Tuesday, May 31, 2011
Eragon by Christopher Paolini - an Inheritance Event
Summary from Goodreads:When young Eragon finds a polished blue stone in the forest, he thinks it is the lucky discovery of a poor farm boy; perhaps it will buy his adopted family meat for the winter. But when the stone brings a dragon hatchling, Eragon realizes he has stumbled upon a legacy nearly as old as the Empire itself. Overnight his simple life is shattered, and he is thrust into a perilous new world of inescapable destiny, magical forces, and powerful people. With only an ancient sword and the instruction of an old, mysterious, hermit storyteller for guidance, Eragon and the fledgling dragon must navigate the dangerous terrain and dark enemies of an Empire ruled by a Emperor whose evil and power knows no bounds. Can Eragon take up the mantle of the legendary Dragon Riders? The fate of the Empire may rest in his hands….
Thoughts on Eragon:
Like I said before, when I read this book for the first time, it was everything: inspiration...an amazing example of really really good literature...a motivation for me to work hard to get published early in life. I remember thinking the writing was great, the story super intense, the characters fully developed.
Then I read Eldest. Then Brisingr. Then Eragon again. My opinions have...ummm....changed.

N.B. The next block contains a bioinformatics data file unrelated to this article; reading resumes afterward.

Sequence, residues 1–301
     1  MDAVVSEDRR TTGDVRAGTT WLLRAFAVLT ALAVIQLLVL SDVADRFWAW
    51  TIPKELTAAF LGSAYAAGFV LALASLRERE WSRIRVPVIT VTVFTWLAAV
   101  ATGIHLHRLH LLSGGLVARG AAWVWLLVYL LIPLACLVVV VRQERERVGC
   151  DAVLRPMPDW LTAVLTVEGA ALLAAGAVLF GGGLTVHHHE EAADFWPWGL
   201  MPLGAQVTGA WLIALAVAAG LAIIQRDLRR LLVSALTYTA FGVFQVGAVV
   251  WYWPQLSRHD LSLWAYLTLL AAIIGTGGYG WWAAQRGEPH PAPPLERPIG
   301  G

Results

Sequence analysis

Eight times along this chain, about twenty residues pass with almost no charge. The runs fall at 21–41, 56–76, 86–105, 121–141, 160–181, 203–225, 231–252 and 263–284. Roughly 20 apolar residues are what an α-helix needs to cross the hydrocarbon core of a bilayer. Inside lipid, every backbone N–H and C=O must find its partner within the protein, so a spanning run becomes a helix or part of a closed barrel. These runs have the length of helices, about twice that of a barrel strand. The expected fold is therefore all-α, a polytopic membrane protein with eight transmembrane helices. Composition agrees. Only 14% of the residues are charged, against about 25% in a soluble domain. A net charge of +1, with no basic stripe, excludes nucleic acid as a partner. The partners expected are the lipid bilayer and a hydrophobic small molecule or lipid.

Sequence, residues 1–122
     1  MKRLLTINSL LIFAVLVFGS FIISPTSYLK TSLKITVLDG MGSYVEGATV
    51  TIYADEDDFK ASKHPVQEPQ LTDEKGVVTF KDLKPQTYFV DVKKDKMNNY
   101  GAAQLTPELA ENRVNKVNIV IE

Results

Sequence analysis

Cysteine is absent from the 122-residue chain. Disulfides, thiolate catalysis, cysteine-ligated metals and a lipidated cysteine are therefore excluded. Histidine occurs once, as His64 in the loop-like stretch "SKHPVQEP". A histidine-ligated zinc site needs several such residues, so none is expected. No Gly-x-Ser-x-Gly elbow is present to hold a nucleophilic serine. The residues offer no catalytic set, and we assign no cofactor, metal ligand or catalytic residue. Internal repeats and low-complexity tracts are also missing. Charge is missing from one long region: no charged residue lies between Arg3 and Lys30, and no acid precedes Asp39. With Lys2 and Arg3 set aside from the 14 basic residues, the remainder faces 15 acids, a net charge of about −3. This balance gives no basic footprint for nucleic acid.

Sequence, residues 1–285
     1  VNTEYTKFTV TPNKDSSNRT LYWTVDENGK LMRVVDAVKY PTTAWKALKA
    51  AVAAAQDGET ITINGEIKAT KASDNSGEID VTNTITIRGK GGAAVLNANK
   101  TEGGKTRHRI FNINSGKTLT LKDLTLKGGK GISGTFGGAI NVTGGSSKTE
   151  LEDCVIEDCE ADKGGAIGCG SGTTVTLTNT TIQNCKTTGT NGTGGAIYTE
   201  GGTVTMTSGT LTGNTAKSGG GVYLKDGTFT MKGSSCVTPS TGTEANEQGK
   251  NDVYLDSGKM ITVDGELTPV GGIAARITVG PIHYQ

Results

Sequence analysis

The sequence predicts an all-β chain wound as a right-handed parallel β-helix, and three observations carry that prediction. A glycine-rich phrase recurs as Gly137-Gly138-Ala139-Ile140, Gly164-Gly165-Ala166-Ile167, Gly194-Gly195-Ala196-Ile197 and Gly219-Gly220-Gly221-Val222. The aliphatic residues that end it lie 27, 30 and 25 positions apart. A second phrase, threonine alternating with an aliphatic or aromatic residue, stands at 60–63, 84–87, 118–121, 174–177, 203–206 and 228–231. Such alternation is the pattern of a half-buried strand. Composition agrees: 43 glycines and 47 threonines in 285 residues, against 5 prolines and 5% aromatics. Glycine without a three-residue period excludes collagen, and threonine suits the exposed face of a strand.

I'll say first off that I want to cut this guy some slack. After all, he did write this when he was just 15, and that's pretty darn amazing if you think about it that way. But really, if you look at it from the viewpoint of one who has read a lot of really great literature, Eragon is nothing super duper special. Good, but...lacking.
The writing is good, but it lacks life, meat. Paolini gets across what he wants you to see, but not in a way that gave me chills or made me want to live there or experience that world with Eragon.
Speaking of Eragon, he's just average. I never felt a connection with him, through all the books. I liked him, but not enough to really care about him. I cared more for Arya and Murtagh. Murtagh is actually one of my favorite characters in the whole series, a great, tragic character who caught my eye from the first. And Brom...oh Brom. I loved him.
The story is fairly good, but not as strong and original as I'd want. It was, however, enough to keep me interested and a couple of the scenes, because of their sheer danger and magical intrigue, really stuck with me. So, this book is worth the read, because it is good, and because the series just gets better and better.
Check back tomorrow for my review on Eldest!